Indeed. I used to laugh at a supervisor who threw a scanner on the front dash. He swore it was legal, till I pulled out the Gould Book and showed him. He put it underneath the dash when leaving Pinellas County, because everyone in Pinellas loved us.

    Leave a comment:


  • Mr. Security
    replied
    [QUOTE=Echos13
    Really one of those stupid Florida laws.
    [/QUOTE]

    Stupid indeed. Who will obey it? Good citizens? Yes. Criminals? I don't think they are worried about it since they are probably using it to commit a felony anyhow.

    Leave a comment:


  • Echos13
    replied
    Wow! Great stuff there indeed. And, yes after some research your right about the BC-780XLT. It seems to still be a hot item.

    As for having such equipment in vehicles here in Florida it's limited. Law states unless your public safety or have a ham license it's unlawful to have radio scanners in your vehicle. Well, it's got a loop hole. Anything "installed" is unlawful. Hand held you can use, and if you run a base unit by a portable battery pack it's legal. But if it's bolted, mounted or made part of the vehicle you run the risk of getting charged and it being taken by LE. Most of the LEO's here are understanding. But others have made it clear they don't care who you are in the private sector.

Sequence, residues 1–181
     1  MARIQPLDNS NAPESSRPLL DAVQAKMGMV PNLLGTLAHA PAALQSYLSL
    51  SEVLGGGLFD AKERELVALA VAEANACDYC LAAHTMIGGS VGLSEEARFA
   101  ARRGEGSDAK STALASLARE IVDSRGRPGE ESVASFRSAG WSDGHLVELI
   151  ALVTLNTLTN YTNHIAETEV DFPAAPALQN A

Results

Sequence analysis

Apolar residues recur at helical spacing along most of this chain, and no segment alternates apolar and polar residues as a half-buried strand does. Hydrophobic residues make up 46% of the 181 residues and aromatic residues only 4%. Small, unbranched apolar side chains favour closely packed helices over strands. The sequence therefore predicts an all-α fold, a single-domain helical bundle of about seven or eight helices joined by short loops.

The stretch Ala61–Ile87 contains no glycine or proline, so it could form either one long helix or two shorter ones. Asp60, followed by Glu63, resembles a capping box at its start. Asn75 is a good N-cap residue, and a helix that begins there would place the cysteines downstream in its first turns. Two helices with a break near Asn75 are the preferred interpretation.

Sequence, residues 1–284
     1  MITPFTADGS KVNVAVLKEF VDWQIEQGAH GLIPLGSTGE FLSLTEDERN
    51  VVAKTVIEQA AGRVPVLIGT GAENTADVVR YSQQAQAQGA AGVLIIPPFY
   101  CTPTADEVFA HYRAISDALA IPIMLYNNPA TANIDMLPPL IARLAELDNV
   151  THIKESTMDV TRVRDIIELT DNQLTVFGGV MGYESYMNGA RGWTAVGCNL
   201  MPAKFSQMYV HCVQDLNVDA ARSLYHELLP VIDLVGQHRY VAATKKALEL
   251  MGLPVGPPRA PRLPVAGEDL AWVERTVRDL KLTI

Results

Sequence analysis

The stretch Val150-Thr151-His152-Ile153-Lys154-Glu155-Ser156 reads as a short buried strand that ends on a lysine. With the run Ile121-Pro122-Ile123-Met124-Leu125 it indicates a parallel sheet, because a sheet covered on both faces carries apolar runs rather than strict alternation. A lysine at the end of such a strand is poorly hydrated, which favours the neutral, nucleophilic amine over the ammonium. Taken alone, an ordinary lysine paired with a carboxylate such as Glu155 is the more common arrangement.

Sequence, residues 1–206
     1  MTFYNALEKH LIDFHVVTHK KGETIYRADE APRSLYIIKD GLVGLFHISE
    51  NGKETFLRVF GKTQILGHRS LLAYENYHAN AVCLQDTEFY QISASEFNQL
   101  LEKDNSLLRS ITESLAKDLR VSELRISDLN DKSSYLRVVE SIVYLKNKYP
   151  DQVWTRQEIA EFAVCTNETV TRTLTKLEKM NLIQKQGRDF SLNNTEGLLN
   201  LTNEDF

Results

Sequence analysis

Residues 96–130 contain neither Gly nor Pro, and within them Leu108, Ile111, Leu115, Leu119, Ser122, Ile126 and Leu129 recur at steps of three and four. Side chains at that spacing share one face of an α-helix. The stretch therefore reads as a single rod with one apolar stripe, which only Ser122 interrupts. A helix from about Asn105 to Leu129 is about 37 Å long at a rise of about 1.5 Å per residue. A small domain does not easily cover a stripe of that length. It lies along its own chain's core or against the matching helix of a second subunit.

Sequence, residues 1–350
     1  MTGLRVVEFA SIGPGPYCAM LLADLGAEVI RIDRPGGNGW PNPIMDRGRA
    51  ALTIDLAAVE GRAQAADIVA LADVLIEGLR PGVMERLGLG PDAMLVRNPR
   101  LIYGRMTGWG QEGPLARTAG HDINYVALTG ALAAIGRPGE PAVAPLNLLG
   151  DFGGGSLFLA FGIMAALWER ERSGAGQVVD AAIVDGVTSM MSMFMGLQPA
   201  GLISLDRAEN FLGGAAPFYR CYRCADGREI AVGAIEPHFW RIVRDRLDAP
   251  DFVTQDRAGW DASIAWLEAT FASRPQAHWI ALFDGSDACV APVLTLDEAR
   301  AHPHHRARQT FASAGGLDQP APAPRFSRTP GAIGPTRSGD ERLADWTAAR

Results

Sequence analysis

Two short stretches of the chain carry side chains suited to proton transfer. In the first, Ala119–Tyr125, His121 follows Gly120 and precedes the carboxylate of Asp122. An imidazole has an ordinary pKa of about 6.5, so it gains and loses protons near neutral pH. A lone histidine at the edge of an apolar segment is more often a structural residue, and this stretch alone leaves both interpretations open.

Really one of those stupid Florida laws.

    All my stuff is to big for my SUV. I use to have a hand held but it got stolen.

    Leave a comment:


  • Mr. Security
    replied
    Originally posted by Bill Warnock
    Yes. The more sophisticated the encryption platform the more difficult it is to decrypt. We have gone from single transmissions to constant key. When you listen in, trash.
    I glad I live in New England. They are extremely slow in upgrading their communications equipment because the towns will have a fit at budget time since there isn't even enough $$ for the school systems.

    Leave a comment:


  • Mr. Security
    replied
    EMT/GUARD a/k/a Security Officer,

    My chin just hit the desk after I saw the pictures of your home/car. They could have used you down south when Katrina hit....a genuine command post.

    Leave a comment:


  • EMTGuard
    replied
    Originally posted by Echos13
    Whoa! Those all are pretty nice set ups. Makes my office look way under equiped. And I thought I was an electronic monitoring junkie.

    BTW: Whats up with the BC-780XLT? They are no longer made but they still sell for a pretty price! What's up with that?
    Nothing is up with that. It's a great scanner that is used every day. Just like my Pro-91 and my BC-245, and several others, which are also no longer made.